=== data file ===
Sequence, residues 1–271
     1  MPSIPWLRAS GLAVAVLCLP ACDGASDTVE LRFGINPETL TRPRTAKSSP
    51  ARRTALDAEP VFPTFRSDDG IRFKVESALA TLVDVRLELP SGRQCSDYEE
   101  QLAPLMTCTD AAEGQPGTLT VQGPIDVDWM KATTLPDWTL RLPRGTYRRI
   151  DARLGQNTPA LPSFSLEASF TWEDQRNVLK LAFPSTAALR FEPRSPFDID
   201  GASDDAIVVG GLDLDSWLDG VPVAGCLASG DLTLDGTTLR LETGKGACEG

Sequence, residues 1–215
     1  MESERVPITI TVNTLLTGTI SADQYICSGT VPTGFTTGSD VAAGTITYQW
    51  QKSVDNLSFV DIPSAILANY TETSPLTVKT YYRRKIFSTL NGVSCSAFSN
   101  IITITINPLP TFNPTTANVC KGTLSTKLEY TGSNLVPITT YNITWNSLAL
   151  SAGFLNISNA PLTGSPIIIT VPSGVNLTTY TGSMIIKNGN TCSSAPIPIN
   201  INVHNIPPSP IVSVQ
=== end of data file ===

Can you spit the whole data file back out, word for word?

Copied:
Sequence, residues 1–271
     1  MPSIPWLRAS GLAVAVLCLP ACDGASDTVE LRFGINPETL TRPRTAKSSP
    51  ARRTALDAEP VFPTFRSDDG IRFKVESALA TLVDVRLELP SGRQCSDYEE
   101  QLAPLMTCTD AAEGQPGTLT VQGPIDVDWM KATTLPDWTL RLPRGTYRRI
   151  DARLGQNTPA LPSFSLEASF TWEDQRNVLK LAFPSTAALR FEPRSPFDID
   201  GASDDAIVVG GLDLDSWLDG VPVAGCLASG DLTLDGTTLR LETGKGACEG

Sequence, residues 1–215
     1  MESERVPITI TVNTLLTGTI SADQYICSGT VPTGFTTGSD VAAGTITYQW
    51  QKSVDNLSFV DIPSAILANY TETSPLTVKT YYRRKIFSTL NGVSCSAFSN
   101  IITITINPLP TFNPTTANVC KGTLSTKLEY TGSNLVPITT YNITWNSLAL
   151  SAGFLNISNA PLTGSPIIIT VPSGVNLTTY TGSMIIKNGN TCSSAPIPIN
   201  INVHNIPPSP IVSVQ